Documentation is one of the most valuable artifacts of any technology project or platform. It provides context to new joiners, avoids duplicating responses via Slack/Teams, and facilitates asynchronous communication, but it also requires constant care and feeding.
Confluence is where documentation goes to die
Most of the large enterprises that I’ve worked for have a large corpus of documentation in a wiki of some sort. Most of it is dangerously out-of-date, incomplete, duplicated, and fragmented across different pages or spaces. Documentation of this kind causes countless wasted hours and frustration on the part of the reader. There’s nothing worse than spending days working through a documented process only to discover that you’re following an outdated copy because only wiki admins can delete pages.
I recently opened the developer onboarding page for a project only to find that it was last updated five years ago but it was still being used as the starting point for new developers joining the team. These poor souls floundered around for weeks trying to make sense of the landscape, feeling stupid; isolated; incompetent; all because the docs had atrophied. This situation is easily resolved by telling new team members that their first task is to run through the onboarding page and update it where necessary. Create a Jira ticket for it and assign it to them. Let them report on it during standup. Track the onboarding duration so you can see how your docs are performing.
This lays the groundwork for building a culture of documentation seen at companies like GitLab. People need to know that maintaining the documentation is important and valued, and that they are
permitted expected to prioritize it from the outset.
The benefits to maintaining good documentation are well-known:
- Breaks down knowledge silos
- Reduces tribal knowledge
- Reduces project/program risk (see bus number)
- Facilitates asynchronous work
- Reduces workload of key people
Determining which documentation to prioritize is more art than science.
Background information is always useful for new team members to understand what the system does, why it was built, and provides some historical context.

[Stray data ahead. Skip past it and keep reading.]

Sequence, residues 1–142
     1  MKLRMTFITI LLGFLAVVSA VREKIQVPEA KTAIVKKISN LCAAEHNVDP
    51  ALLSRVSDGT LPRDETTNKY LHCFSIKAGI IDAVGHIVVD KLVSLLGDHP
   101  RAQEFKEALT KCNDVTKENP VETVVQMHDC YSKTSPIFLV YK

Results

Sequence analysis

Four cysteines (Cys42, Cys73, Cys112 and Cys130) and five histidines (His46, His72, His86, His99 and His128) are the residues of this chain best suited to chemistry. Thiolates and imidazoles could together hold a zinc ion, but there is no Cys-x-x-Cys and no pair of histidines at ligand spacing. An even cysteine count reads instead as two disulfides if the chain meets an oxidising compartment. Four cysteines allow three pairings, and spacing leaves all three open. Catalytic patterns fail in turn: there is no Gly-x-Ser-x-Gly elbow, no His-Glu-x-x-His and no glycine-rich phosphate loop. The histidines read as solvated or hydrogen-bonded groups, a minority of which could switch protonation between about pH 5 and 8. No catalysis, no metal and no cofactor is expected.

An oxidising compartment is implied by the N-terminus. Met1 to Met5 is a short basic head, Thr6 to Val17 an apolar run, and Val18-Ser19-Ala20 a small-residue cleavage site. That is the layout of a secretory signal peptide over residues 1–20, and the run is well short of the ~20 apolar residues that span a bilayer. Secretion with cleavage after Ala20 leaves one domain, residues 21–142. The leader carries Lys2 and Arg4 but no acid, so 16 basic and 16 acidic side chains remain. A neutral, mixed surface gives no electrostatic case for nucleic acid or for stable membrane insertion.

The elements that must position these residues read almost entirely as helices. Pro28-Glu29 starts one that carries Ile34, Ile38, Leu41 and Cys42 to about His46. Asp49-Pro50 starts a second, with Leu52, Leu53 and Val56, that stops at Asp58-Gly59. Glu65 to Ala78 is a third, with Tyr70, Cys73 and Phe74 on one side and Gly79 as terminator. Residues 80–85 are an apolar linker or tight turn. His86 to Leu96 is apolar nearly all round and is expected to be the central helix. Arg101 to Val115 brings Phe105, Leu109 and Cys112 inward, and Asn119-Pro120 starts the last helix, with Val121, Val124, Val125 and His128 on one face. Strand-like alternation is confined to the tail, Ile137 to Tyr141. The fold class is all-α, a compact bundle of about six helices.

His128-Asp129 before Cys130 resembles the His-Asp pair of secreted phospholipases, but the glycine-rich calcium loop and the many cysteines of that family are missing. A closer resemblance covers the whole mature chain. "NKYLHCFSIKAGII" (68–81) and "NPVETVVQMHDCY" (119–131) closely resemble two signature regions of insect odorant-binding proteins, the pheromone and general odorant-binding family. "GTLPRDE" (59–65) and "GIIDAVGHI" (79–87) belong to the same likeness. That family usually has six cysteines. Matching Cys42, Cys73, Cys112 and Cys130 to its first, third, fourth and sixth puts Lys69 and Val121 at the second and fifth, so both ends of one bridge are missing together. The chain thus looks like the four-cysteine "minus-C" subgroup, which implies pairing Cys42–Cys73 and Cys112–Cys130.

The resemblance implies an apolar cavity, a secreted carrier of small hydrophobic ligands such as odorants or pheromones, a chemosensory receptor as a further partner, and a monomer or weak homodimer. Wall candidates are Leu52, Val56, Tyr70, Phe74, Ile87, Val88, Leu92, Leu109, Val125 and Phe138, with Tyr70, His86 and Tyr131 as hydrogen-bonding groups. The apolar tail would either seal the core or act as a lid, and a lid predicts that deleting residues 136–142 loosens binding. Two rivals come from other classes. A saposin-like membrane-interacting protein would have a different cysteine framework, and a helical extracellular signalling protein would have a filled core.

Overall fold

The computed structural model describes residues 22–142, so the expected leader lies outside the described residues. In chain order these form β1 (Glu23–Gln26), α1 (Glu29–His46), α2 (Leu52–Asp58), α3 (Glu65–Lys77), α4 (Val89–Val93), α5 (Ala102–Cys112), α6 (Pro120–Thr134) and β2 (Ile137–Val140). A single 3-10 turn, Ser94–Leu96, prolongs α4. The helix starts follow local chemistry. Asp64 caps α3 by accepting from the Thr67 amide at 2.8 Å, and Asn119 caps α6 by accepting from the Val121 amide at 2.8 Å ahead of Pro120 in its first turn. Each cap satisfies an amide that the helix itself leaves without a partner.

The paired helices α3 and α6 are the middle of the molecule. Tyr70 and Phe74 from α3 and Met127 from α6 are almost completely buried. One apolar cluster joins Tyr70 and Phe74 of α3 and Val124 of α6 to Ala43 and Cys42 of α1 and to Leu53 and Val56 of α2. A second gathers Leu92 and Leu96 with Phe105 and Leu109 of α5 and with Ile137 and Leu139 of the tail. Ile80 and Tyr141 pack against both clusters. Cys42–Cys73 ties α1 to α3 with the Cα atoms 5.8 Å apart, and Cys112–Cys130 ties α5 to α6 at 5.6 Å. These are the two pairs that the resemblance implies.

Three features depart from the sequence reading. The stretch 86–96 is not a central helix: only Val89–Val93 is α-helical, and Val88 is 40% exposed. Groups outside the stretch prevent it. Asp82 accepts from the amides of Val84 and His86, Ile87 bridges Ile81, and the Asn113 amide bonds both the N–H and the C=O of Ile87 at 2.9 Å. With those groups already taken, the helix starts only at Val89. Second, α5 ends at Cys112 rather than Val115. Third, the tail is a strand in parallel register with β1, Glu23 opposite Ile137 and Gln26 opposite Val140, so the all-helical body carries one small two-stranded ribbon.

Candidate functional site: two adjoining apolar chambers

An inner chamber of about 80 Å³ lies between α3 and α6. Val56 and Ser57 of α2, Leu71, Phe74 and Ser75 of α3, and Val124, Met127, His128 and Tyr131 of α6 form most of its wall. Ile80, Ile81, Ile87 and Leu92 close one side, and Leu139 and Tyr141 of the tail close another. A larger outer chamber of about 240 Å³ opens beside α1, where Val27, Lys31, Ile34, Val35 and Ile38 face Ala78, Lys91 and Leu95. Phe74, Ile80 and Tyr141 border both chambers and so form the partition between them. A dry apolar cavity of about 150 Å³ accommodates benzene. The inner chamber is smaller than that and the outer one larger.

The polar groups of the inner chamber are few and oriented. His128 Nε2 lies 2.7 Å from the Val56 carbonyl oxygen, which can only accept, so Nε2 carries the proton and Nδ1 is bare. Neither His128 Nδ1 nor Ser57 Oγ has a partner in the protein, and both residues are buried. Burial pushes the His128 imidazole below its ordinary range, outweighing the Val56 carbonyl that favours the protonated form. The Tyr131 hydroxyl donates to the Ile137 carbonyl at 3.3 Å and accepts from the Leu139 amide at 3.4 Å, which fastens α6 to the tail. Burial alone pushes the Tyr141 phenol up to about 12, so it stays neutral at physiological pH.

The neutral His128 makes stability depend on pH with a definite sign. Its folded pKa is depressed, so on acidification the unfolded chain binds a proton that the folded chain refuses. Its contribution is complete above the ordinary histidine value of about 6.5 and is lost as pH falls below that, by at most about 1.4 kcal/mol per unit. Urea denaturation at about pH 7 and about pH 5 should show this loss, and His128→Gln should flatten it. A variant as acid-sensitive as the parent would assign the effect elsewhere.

Decision logs provide context about previous technical decisions, and more importantly, the conditions and assumptions that factored into it. This can help the future team know when to re-visit the decision.
How-Tos probably require the most attention but if they’re kept current then they can also serve as a detailed specification for automating mundane or repetitive tasks.
Documentation should be written for a junior team member, new joiner, or a person with little or no context. This insures that all the necessary details are captured. Don’t fall into the trap of writing docs just to jog your own memory - they only have an audience of one. Statements like “if this then do that” should contain all the information to determine when the “if” condition is true or false, otherwise you’re relying on tribal knowledge that the reader may not possess.
Experience is what helps you to recognise a mistake the second time you make it.
Your bug tracker should also be viewed as documentation. For Pete’s sake, don’t ever close a bug report with “Fixed. Please re-test”. Show some respect! Take a minute to describe what caused the problem, how you fixed it, and any other relevant information. You’ll forget the details almost immediately but the bug tracker is there to remind you when you come across a similar defect later.